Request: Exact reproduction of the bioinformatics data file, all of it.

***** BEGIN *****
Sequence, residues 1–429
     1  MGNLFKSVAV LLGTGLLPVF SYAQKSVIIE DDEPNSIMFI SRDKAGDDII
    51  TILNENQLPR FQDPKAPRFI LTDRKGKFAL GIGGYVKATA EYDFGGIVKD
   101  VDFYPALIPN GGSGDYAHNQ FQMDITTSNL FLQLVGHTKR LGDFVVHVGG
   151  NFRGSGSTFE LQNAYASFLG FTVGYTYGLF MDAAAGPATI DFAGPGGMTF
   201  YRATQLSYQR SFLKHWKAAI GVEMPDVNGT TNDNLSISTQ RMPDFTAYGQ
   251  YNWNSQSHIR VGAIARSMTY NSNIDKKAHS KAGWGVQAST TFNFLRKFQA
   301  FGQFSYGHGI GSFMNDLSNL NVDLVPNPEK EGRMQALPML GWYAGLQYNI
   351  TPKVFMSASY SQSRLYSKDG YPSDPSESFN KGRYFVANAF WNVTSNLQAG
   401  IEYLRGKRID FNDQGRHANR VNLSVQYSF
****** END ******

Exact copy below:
Sequence, residues 1–429
     1  MGNLFKSVAV LLGTGLLPVF SYAQKSVIIE DDEPNSIMFI SRDKAGDDII
    51  TILNENQLPR FQDPKAPRFI LTDRKGKFAL GIGGYVKATA EYDFGGIVKD
   101  VDFYPALIPN GGSGDYAHNQ FQMDITTSNL FLQLVGHTKR LGDFVVHVGG
   151  NFRGSGSTFE LQNAYASFLG FTVGYTYGLF MDAAAGPATI DFAGPGGMTF
   201  YRATQLSYQR SFLKHWKAAI GVEMPDVNGT TNDNLSISTQ RMPDFTAYGQ
   251  YNWNSQSHIR VGAIARSMTY NSNIDKKAHS KAGWGVQAST TFNFLRKFQA
   301  FGQFSYGHGI GSFMNDLSNL NVDLVPNPEK EGRMQALPML GWYAGLQYNI
   351  TPKVFMSASY SQSRLYSKDG YPSDPSESFN KGRYFVANAF WNVTSNLQAG
   401  IEYLRGKRID FNDQGRHANR VNLSVQYSF